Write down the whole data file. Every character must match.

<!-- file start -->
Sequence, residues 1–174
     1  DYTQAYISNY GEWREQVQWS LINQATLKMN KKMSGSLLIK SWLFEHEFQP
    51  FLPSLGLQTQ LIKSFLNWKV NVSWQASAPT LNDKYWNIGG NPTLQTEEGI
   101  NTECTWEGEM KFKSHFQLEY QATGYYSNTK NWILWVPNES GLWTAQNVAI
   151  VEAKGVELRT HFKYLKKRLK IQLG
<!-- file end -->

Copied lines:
Sequence, residues 1–174
     1  DYTQAYISNY GEWREQVQWS LINQATLKMN KKMSGSLLIK SWLFEHEFQP
    51  FLPSLGLQTQ LIKSFLNWKV NVSWQASAPT LNDKYWNIGG NPTLQTEEGI
   101  NTECTWEGEM KFKSHFQLEY QATGYYSNTK NWILWVPNES GLWTAQNVAI
   151  VEAKGVELRT HFKYLKKRLK IQLG